Have you ever had a taste in your mouth like you were sucking on nails? Some women in menopause experience a metallic taste in their mouth, a less than common symptom that can be annoying although usually not a medical concern. Here’s what you should know about menopause and a metallic taste in the mouth.
What is a metallic taste?
Sometimes people experience a bad taste in their mouth that may be described as metallic. This foul taste can affect how you taste your food, either short- or long-term.
A metallic taste in the mouth can have many different causes besides menopause. One of the most obvious is a dental issue, such as gingivitis, cavities, or abscesses. Here are a few more:
- Dry mouth, which can be caused by use of certain over-the-counter and prescription medications (e.g., antidepressants, antihistamines, decongestants, diuretics, antipsychotics, acne meds, etc), diabetes, autoimmune conditions, nerve damage, and mouth breathing.
- Pregnancy, in particular during the first trimester, can be accompanied by taste changes. The unpleasant taste goes away later in pregnancy.
- Gastrointestinal conditions, including bile and acid reflux
- Use of supplements, including those that contain calcium, chromium, copper, iron, multivitamins, vitamin D, and zinc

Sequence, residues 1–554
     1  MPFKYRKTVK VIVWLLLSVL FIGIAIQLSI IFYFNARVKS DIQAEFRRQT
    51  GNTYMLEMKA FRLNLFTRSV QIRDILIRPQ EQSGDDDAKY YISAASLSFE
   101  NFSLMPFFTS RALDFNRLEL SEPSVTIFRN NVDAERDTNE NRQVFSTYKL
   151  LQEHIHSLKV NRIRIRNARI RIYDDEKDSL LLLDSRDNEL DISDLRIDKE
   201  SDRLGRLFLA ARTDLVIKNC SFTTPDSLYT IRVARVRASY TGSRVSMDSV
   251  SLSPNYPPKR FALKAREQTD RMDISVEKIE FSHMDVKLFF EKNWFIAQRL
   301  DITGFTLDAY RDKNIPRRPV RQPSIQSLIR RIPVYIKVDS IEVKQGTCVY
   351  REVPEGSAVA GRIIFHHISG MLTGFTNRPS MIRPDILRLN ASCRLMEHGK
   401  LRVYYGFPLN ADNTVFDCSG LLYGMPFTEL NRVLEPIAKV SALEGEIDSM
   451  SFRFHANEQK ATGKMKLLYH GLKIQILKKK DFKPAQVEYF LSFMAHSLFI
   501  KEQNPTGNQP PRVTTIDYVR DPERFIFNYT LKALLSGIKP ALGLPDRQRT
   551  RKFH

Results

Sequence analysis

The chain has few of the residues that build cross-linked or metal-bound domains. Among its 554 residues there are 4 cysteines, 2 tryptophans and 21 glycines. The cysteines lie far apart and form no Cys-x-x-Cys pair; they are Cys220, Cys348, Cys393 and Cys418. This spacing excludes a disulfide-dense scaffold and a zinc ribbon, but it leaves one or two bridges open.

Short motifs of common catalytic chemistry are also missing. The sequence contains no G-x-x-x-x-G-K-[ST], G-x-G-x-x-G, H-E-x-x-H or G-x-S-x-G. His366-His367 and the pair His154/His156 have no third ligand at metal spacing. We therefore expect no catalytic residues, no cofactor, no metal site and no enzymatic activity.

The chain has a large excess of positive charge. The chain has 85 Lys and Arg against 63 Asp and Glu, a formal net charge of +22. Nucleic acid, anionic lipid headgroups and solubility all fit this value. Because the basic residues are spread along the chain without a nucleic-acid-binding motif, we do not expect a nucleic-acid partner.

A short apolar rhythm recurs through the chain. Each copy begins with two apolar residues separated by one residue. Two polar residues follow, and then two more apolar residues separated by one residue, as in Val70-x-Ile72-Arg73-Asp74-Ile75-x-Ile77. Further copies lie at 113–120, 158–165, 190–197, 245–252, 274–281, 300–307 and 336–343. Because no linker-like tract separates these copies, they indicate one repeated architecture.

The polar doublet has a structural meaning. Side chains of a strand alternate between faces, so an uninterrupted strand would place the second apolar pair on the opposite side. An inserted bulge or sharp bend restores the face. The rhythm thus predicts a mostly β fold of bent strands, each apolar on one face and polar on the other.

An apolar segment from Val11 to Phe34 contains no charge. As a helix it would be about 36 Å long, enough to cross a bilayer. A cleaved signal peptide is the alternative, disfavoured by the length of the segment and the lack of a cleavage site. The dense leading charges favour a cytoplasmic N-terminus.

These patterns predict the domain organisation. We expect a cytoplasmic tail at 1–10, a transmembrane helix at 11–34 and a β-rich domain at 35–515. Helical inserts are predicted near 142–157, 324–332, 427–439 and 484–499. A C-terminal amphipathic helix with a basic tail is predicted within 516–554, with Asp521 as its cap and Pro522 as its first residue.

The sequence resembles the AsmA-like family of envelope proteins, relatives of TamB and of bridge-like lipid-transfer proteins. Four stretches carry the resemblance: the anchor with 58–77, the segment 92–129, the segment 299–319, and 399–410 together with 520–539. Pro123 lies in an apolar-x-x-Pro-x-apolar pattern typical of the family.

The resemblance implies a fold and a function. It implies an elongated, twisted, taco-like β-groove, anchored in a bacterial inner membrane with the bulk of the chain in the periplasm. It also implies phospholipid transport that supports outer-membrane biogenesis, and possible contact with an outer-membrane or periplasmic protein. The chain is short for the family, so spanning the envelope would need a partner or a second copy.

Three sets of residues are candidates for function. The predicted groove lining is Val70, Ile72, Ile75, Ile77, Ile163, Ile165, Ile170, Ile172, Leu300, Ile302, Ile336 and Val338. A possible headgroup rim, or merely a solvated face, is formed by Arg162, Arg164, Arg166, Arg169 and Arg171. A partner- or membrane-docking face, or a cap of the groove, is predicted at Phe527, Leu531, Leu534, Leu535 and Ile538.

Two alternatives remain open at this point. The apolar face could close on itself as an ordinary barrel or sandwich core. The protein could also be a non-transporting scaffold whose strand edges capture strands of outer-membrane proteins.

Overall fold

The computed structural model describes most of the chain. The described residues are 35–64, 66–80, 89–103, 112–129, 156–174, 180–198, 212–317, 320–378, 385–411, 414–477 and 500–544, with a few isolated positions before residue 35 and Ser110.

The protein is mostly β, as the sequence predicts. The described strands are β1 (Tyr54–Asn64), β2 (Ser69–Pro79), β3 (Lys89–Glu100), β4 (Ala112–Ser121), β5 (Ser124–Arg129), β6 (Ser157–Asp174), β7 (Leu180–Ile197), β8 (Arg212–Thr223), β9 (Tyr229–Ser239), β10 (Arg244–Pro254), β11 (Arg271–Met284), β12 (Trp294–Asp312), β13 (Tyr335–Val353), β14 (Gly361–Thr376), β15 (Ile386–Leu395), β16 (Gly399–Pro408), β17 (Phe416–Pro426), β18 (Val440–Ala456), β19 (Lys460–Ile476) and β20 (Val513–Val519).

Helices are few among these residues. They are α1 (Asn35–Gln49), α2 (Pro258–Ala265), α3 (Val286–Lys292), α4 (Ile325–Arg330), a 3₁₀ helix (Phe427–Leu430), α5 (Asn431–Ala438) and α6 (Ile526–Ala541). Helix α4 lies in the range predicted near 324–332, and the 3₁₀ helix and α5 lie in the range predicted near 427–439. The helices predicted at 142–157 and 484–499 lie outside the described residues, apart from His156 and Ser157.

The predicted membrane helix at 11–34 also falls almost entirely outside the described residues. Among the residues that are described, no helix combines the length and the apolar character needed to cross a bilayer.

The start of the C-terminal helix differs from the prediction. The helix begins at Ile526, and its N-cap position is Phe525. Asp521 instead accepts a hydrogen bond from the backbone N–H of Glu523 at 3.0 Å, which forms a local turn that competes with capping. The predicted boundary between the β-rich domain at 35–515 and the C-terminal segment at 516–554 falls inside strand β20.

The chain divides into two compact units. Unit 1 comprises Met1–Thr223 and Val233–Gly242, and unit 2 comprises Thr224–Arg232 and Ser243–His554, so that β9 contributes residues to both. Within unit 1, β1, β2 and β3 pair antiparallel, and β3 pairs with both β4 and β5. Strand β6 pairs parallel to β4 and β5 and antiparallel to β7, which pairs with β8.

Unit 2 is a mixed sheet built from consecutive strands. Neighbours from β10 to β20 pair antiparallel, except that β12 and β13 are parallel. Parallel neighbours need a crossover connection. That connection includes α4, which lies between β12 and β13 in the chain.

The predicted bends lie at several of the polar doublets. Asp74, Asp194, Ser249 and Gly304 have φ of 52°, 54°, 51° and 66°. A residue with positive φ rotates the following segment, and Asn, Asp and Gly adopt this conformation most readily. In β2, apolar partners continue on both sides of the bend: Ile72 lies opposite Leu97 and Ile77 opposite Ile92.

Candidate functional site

Taking some over-the-counter or prescription medications, including antihistamines and anti-inflammatories as well as medications for cancer, diabetes, depression, seizures, and cardiovascular problems
What is the association between menopause and a metallic taste?
According to reproductive endocrinologist Lila Schmidt, MD, in San Diego, “some women going through menopause may feel pain or a burning sensation on their tongue, lips, gums, or other spots in the mouth.” Along with these sensations can be “a metallic taste in the mouth” association with fluctuations in estrogen levels. These hormonal changes can also impact your taste buds, so your food may taste different for a while, even into postmenopause.
An uncommon symptom of menopause called burning mouth syndrome also may be accompanied by a metallic taste. Women with this syndrome may also experience a burning sensation in their mouth, especially near the tip of their tongue.
How to manage metallic taste naturally?
You can manage this unpleasant taste in a number of ways.
- Practice good oral hygiene. Although this doesn’t get to the root of the issue, regular brushing, flossing, tongue scraping, and dental cleanings can help keep this taste at bay.
- Avoid metal utensils, dishes, and cookware. Use plastic, glass, or ceramic utensils, pots, and pans to reduce a metallic taste
- Suck on hard sugar-free candies. Certain flavors such as orange, lemon, peppermint, and spearmint can lessen the unpleasant taste.
- Stay hydrated to avoid dry mouth
- Don’t smoke
- Drink Ayurvedic herbal teas. Try amalaki, arjuna, bhringarai, or shatavari
when to see your doctor
A metallic taste associated with menopause typically goes away over time. However, if you are concerned or the taste becomes bothersome, then consult your healthcare provider. You may be referred to an ear, nose, and throat doctor (otolaryngologist) for evaluation.
Some women going through menopause experience a metallic taste in their mouth. This is typically a harmless although somewhat annoying condition that can be managed naturally and usually fades with time.